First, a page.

13  “We booked her a taxi” (HP_05_Reg_STH)  “…So there’s more support for the ones taking their own discharge than there used to be. And I think sometimes that has made a rod for our own back…because they know if they go home they’ll still get what they were getting in hospital.” (HP_01_MGR_MB)  “So very occasionally...we’ll try and reorganise things. We’ll do this and say this is an outpatient’s appointment instead of an inpatient. So people waiting for tests or whatever.” (HP_04_Nur_STH) The Swinging Pendulum: Submit

14  “But at the end of the day this is not a prison and we can’t keep you here against your will.” (HP_01_Con_MB)  “…we are the servant of the patient actually. The patient is there in the hospital employing us through the tax system and is essentially asking us to provide them with some kind of diagnostic service or treatment service and we’re there to provide that. If the patient chooses to accept or decline any part of the suggested treatment then that’s their prerogative. They’re autonomous. They’re certainly allowed to make good or bad decisions” (HP_06_Reg_STH)  “It’s frustrating but it’s still their choice. It wouldn’t be my choice for them to go but it is their choice to go.” (HP_01_MGR_MB) Underlying the Swinging Pendulum: Patient Autonomy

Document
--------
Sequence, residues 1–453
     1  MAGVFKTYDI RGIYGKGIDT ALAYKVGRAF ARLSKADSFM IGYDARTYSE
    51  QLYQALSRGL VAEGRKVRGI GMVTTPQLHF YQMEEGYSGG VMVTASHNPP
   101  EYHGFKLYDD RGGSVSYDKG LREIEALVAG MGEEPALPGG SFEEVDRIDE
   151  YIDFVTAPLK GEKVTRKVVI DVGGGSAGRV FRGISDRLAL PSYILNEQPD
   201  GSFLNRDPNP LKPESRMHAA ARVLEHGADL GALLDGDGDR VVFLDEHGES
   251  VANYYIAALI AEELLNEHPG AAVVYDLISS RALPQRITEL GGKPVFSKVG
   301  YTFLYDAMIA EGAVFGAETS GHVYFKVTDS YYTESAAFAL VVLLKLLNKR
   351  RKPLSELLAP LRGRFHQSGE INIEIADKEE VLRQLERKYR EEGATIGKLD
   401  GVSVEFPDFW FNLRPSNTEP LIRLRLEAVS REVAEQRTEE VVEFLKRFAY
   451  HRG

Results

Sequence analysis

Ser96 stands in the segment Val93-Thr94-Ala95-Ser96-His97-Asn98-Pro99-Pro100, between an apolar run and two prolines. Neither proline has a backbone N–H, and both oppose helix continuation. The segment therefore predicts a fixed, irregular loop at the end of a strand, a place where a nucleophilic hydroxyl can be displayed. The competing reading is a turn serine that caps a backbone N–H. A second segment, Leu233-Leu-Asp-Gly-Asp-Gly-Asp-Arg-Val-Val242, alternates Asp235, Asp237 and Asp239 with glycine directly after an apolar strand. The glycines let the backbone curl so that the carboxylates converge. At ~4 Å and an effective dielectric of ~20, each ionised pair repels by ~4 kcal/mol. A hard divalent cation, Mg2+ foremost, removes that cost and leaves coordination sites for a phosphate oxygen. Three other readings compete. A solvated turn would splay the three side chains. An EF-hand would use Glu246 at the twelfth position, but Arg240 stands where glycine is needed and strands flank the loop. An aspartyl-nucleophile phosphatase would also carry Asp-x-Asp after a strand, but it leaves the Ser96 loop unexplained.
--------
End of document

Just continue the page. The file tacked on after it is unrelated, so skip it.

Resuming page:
15  “Having said that, if you let a patient go out of hospital and they do drop dead you know where all the blame will come. No one is going to blame the dead patient even if it was their decision. They will just come to you and say what happened and there will be a lot of criticism. So this is where I think all the paranoia and back- covering comes from and defensive behaviour”(HP_05_Reg_STH)  “I have to think about every situation if it ended up at the coroners what would I do then. The case would be that unfortunately probably a coroner would turn round and say you were the nurse looking after that patient what were you doing when they absconded? Did you have that conversation with them? You have to unfortunately think in this day and age always about what if it ended up in this way.” (HP_09_Nur_STH) Underlying the Swinging Pendulum: Accountability & liability

16  SD can be framed positively  SD initiates contact with HCPs for pts,  increases communication between pts and HCPs,  allows for pts’ concerns to be resolved,  enables HCPs to express their care for the pt and for the pt to feel cared for  a form of empowerment, reclaiming control  pt voice heard Initial Conclusions

17  Role of hospital staff portrayed as avoiding SD from taking place  Hospital staff using facilities within NHS to negotiate with self- dischargers  Suggests medical dominance still present within hospital practices, but hidden and implicit  HCPs struggling with the rise of the autonomous pt Initial Conclusions